New Product: Anathem Illuminated First Page

For anyone who read Neal Stephenson's Anathem and though "I'd love to go live in a math," "I wish I had the opportunity to meet people from other universes in the polycosm," or just "Wow, that was a great book," our new art print is for you.

Art print featuring the definition of "Anathem" that opens the book of the same name written in English Caroline Miniscule one what appears to be a leaf. Print is matted with a white mat.

Created with the permission of Neal Stephenson (eeeeeeeeeeeeeeeeeeeeeeeeeeee! Ariela and Terri are both huge fans), we are proud to bring you a manuscript page produced in the Cartasian mathic style.

Written on a yellowing "leaf of a page tree" with delicate veining showing throughout, the body text is written in a delicate brown-black ink with the title in red. A directed acyclic graph makes up the initial letter 'A' in a nod to the polycosm.

This is a limited edition run of just 100 art prints. Each print is matted on a white, archival-safe mat and comes ready to hang or to put in an 11”x14” frame. Ships flat.  $55 each.

Scheduling Note:

While we normally do product releases on Wednesdays and blog posts on Mondays hereabouts, Jewish holidays are about to start, rendering any hopes of "normal schedule" utterly borked. We will be taking a short hiatus for Rosh HaShanah and Yom Kippur. The "Making Of" blog posts for this piece will be posted on Wednesday, September 26 and Wednesday, October 3.

New Product: "Penric's Demon" Illuminated First Page Art Print

We are thrilled to announce our first licensed product:

Penric's Demon Illuminated First Page

"Penric's Demon" Illuminated First Page - Art Print by Geek Calligraphy, Licensed by Lois McMaster Bujold

Lois McMaster Bujold has been one of Ariela's favorite authors since a friend introduced her to the Vorkosigan Saga in 2010. When she began considering the possibility of illuminating published works, she thought it was a long shot to ask permission to play with Lois' latest works (which just so happen to feature a scribe as their main character, eeeee!), but figured it was worth asking. To her utter joy, Lois said yes!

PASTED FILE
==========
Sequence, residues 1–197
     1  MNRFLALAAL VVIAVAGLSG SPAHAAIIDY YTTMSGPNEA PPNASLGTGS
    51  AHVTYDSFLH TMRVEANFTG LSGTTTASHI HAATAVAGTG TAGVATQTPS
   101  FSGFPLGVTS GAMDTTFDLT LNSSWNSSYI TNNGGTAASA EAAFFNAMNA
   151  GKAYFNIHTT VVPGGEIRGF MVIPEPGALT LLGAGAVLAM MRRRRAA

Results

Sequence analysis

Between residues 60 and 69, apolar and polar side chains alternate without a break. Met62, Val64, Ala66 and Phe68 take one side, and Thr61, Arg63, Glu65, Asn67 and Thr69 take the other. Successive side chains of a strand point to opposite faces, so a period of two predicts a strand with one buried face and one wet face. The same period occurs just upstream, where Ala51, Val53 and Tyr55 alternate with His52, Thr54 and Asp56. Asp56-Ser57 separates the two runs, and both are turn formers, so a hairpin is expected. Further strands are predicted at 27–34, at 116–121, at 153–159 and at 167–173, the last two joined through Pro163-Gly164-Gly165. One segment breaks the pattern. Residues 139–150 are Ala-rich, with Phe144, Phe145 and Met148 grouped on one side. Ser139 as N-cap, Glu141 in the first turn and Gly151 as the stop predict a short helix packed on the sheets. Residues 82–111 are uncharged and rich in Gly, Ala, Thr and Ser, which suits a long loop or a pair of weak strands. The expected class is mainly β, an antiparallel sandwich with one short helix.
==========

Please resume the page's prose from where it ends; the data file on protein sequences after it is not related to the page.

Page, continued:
Thus Ariela has calligraphed, illustrated, and illuminated the opening passage of the novella "Penric's Demon."

The layout of the page is inspired by two manuscripts in the British Library collection: Harley MS 4482 and Royal MS 20 D I. The text is written in the Fraktur alphabet, which is part of the Gothic Script family (Ye Olde English font).

The illumination at the bottom of the page shows Penric and Gans leaving Jurald Court on their way, so they think, to Penric's betrothal ceremony. A crow in the right margin hints at the path that actually lies in store.

Next Monday we will publish the first of three blog posts on the research and artistic choices that went into making an illuminated manuscript from the World of the Five Gods.

This is a limited edition run of just 100 art prints. Each print is matted on a white, archival-safe mat and comes ready to hang or to put in an 11”x14” frame. Ships flat.  $55 each.

Calligraphy Tools: Beyond Pens

by Ariela

This is a followup to the post of several weeks ago about different types of calligraphy pens. While pens are, in many ways, the most important tool of the trade, it would be a lot harder to get good results without others.